As birders, we all go through similar stages of development - from absolute beginner; to keen novice; a committed patch watcher; an ardent wanderer; and possibly manic world birder. This will take a good few years to come to pass, and in that time we will gather a number of skills - those of field identification, habitat knowledge, an understanding of how weather conditions will affect movements, effective fieldcraft, where and when to look to maximise the birding potential.

Whether you can tell a Booted from a Syke's Warbler, or are just happy with counting Coots on a local lake, we are all from the same extended family - that of the ornithologist, or birder if you prefer. But once we have reached the rarified air of the 'experienced birder', what then? What to do with these life skills so hard won? It would be a shame to sit on them and not share some of the magic with others, who are still on that long journey from absolute beginner...

There is joy to be had from sharing the 'birding experience'. I have been most taken by the attitude of a good friend of mine, a birder of 50 plus years, who has travelled the world in pursuit of birds, and who has honed mightily fine field skills through thousands of hours of being 'out there'. He now finds immense pleasure in sharing his knowledge with others. I saw him in action at Dungeness this May, helping a string of beginners get to grips with warbler song, explaining to them how he was able to confidently identify overflying shapes and what they should do to maximise their chances of seeing a Bittern. This week he spent a marvellous day sea watching at Cap Gris Nez in France. In a subsequent phone conversation I had with him, it was not the magnificent skua and shearwater observations that he was most pleased about, so much as his helping of a couple of novice Belgian birders to get to grips with the identification of the passing birds offshore. He had got a great big kick out of it, and I'm sure that he won't mind me observing that he most probably wouldn't have had the inclination to do such things 30 years ago. The Belgians were ecstatic, very grateful and left full of the wonder of what they had seen and how they could actually put names to these birds that, earlier in the day, were beyond them.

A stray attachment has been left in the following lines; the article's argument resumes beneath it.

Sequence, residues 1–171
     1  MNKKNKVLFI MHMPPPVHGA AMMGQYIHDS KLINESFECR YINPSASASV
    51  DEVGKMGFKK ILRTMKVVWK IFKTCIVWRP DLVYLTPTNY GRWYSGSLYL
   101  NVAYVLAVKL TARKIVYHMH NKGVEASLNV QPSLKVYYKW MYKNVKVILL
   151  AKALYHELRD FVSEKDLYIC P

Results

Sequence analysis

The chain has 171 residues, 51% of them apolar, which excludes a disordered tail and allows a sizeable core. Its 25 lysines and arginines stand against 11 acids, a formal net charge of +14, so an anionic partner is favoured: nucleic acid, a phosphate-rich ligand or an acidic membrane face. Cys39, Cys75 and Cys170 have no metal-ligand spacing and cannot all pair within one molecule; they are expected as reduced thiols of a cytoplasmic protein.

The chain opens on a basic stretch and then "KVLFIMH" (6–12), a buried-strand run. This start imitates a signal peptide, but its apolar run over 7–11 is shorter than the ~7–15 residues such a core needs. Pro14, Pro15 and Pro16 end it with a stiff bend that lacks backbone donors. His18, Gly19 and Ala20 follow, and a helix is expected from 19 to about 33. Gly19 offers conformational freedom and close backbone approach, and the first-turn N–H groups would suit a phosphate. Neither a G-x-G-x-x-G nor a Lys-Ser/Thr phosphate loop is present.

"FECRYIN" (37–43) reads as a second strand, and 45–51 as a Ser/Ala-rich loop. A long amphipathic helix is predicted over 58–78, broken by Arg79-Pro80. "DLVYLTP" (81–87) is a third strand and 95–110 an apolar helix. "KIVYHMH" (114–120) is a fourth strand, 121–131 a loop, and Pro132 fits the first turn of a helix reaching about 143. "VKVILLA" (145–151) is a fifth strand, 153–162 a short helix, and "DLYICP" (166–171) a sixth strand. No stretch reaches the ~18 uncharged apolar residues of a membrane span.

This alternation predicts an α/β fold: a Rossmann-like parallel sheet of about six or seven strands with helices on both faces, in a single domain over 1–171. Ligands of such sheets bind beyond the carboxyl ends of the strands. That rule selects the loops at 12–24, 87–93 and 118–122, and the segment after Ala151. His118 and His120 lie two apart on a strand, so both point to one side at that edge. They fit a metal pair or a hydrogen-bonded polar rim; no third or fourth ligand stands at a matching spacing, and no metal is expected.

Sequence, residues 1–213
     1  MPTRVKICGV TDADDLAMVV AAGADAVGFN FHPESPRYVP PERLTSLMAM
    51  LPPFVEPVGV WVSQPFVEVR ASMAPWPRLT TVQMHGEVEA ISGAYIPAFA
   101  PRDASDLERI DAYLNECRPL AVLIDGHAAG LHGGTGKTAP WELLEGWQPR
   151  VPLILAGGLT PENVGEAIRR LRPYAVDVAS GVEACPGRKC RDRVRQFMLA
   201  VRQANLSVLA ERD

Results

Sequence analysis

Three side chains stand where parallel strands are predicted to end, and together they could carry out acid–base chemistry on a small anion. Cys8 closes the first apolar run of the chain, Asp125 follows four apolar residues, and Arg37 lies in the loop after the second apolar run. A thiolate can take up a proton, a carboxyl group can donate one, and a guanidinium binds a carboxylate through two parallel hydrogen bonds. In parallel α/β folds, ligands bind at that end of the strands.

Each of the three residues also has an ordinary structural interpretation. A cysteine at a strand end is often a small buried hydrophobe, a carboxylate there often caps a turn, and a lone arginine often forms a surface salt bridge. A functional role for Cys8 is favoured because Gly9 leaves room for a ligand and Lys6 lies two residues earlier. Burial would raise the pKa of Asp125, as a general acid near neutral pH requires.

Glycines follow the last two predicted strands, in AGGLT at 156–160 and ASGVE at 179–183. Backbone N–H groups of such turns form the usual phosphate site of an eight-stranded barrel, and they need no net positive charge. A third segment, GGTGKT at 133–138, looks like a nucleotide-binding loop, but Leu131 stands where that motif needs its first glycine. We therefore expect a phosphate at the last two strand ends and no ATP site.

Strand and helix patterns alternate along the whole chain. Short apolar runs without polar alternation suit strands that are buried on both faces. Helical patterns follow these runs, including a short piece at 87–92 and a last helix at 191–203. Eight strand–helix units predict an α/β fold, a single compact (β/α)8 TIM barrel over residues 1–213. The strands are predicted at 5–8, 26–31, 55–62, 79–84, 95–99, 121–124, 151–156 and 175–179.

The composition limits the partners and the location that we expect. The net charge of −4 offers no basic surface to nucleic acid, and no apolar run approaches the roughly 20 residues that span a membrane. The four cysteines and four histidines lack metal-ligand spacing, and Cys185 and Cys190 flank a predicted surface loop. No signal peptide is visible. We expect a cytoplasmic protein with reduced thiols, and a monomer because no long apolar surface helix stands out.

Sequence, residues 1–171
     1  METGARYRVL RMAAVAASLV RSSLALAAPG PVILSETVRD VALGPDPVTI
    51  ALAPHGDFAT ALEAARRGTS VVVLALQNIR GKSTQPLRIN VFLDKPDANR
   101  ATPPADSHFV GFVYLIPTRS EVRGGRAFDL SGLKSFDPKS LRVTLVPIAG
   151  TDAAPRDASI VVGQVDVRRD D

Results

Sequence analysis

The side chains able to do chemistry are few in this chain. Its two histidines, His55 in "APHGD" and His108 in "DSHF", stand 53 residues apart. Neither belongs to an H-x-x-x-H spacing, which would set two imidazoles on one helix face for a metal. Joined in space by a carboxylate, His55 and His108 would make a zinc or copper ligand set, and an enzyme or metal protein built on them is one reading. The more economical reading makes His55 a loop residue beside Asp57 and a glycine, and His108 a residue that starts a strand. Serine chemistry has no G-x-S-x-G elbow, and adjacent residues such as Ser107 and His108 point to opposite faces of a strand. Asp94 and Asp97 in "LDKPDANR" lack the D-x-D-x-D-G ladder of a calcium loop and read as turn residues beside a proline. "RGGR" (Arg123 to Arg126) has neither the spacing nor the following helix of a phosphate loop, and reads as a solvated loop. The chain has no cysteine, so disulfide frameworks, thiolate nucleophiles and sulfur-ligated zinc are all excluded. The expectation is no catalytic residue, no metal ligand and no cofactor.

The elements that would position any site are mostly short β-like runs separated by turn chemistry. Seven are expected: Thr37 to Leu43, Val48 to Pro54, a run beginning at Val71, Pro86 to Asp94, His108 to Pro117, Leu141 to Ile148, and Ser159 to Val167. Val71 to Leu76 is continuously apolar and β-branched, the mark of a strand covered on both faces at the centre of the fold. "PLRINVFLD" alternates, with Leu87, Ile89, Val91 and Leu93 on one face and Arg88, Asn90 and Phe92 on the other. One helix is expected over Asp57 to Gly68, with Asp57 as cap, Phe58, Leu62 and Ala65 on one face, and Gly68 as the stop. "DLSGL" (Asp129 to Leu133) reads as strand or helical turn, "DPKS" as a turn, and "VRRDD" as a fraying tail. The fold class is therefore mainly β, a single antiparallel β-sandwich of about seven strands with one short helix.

We are not all blessed with great field skills, but that needn't matter. An infectious enthusiasm will inspire others. An intimate knowledge of a local area can make a place far more rewarding for birders who don't know it. You can stimulate a whole raft of people just by sharing. It costs nothing. And I'm sure that we can all think back to our formative birding years and identify those who helped us along the way.


bob smith said…
Yes I agree Steve. But of course its not just sharing our knowledge and enthusiasm with beginner birders its also anybody. Here at Worcester Park we have a small wetland reserve on the Hamptons estate and I make it my business
to chat to anyone about the wildlife. I don't mean I force conversation upon people but often people will come up to me
and ask what I'm looking at . Most of the time people are unawares of the rich wildlife around them. Theres an ethical
dimension to this of course because the more people are informed about their local area the more they will want to protect it.

Best Wishes
Steve Gale said…
Good point Bob, we need to engage with anybody and everybody (within reason!) Keep up the good work! Kind regards, Steve

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